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Stocks open lower despite pro-bailout victory in Greece

June 18, 2012|By Andrew Tangel
  • Stocks opened lower amid ongoing concerns over financial turmoil in Europe.
Stocks opened lower amid ongoing concerns over financial turmoil in Europe. (Richard Drew / Associated…)

Stocks opened lower Monday on Wall Street as Greece's election results failed to ease investors' concerns over Europe's continuing financial turmoil.

Major U.S. indexes were in negative territory shortly after the opening bell, following a slide by European stock markets that were initially up sharply after Greece's pro-austerity New Democracy party won in that country's elections Sunday.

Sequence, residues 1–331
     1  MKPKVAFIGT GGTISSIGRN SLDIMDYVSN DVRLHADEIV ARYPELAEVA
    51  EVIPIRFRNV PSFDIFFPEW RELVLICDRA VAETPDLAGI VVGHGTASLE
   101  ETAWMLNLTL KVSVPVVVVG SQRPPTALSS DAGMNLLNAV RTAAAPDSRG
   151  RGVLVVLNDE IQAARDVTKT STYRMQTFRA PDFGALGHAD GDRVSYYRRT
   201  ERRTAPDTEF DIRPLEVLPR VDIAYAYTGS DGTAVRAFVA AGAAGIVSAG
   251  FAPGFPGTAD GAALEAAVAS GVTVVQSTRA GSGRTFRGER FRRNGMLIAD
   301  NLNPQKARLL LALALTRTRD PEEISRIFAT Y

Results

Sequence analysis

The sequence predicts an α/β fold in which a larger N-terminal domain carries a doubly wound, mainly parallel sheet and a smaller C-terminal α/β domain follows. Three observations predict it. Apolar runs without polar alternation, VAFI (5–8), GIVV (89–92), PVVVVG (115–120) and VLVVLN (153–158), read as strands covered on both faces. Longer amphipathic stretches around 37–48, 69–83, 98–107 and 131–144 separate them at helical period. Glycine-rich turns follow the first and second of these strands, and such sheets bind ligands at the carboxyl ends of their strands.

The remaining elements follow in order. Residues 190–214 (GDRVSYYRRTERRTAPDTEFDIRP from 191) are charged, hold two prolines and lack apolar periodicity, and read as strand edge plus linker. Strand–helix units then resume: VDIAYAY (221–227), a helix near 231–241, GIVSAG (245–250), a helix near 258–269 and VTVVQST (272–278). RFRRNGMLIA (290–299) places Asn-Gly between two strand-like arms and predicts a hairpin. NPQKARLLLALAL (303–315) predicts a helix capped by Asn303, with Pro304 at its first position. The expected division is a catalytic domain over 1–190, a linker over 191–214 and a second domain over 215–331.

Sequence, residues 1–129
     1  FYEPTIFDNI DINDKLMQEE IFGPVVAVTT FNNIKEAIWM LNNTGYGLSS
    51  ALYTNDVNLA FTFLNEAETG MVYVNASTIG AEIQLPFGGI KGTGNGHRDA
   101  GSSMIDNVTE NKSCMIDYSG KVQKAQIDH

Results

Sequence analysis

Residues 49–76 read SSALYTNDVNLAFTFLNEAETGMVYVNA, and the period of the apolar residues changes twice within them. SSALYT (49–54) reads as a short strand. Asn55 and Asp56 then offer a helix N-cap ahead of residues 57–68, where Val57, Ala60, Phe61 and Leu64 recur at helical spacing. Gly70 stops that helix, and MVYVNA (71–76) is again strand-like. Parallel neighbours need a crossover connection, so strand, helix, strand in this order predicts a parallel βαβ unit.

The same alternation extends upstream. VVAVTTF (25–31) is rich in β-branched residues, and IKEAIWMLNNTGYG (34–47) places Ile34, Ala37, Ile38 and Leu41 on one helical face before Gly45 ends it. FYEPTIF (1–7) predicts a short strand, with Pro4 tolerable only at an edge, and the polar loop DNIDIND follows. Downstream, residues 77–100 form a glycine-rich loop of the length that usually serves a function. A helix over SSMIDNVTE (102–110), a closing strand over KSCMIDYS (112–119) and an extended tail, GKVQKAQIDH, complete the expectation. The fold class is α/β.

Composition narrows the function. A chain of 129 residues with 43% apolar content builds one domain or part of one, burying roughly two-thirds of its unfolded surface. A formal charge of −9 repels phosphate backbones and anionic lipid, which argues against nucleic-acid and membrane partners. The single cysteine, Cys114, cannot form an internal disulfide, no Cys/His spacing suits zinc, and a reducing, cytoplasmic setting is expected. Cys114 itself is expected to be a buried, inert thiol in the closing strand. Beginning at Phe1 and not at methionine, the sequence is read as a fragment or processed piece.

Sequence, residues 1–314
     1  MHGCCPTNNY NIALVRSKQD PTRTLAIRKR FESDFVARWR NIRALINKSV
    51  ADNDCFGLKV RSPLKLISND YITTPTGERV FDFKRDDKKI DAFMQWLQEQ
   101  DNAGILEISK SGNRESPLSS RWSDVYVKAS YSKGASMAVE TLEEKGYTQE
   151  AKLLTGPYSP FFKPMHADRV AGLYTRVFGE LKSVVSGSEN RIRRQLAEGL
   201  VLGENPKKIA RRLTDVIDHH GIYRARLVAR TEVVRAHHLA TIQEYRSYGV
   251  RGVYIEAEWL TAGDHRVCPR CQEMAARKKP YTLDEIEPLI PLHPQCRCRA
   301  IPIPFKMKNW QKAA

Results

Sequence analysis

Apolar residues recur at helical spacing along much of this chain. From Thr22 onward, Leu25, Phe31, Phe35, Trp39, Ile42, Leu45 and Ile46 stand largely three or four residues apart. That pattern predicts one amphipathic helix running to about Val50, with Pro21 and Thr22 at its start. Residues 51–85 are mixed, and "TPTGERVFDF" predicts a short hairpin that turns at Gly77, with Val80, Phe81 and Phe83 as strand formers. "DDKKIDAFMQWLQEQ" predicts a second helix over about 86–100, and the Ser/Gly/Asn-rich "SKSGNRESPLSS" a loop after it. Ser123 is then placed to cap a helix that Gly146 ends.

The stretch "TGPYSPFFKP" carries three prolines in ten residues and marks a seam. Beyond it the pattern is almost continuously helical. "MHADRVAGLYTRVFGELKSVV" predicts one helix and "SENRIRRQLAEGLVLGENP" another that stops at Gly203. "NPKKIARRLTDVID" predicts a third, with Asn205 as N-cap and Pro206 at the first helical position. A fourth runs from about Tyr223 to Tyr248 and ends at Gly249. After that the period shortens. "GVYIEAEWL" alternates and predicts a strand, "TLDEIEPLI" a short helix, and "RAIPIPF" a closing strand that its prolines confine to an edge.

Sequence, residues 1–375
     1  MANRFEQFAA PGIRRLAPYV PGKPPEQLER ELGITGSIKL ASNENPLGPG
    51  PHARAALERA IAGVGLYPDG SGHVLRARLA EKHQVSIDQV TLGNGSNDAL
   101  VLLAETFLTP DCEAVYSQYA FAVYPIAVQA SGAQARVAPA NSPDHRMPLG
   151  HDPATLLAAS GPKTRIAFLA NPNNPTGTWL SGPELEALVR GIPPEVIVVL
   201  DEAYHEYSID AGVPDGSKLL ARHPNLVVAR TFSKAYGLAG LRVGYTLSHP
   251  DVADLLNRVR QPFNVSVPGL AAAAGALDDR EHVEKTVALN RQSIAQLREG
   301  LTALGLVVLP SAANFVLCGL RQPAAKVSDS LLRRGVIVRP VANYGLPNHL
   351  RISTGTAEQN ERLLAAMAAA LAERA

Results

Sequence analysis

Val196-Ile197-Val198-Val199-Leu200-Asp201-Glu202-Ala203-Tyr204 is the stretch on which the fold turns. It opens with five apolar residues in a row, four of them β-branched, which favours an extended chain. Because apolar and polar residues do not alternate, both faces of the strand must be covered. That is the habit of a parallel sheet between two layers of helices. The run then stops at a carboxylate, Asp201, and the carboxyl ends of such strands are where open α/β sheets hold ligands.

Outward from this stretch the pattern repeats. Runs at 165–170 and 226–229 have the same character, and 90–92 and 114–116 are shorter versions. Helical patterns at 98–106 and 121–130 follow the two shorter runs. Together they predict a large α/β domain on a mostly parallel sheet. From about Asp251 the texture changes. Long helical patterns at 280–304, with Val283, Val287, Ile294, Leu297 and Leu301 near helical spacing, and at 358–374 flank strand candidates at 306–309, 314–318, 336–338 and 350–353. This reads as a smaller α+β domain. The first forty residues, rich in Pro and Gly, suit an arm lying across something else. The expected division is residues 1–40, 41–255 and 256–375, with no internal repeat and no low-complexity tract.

The Dow Jones industrial average was down 49 points, or 0.4%, to 12,718 in early trading.

The broader Standard & Poor's 500 index was down 4.9 points, or 0.4%, to 1,338.

The technology-heavy Nasdaq turned briefly positive but was down 3.4 points, or 0.1%, to 2,870.

Whatever relief investors took from Greece's election — and the stronger likelihood that a new government would abide by the country's bailout terms — appeared to fade as other problems emerged.

Spain, a much larger economy than Greece, saw it's borrowing costs jumped higher, with its 10-year bond yields surpassing 7%.

Last week Spain accepted a $125-billion bailout of its troubled banking system. 


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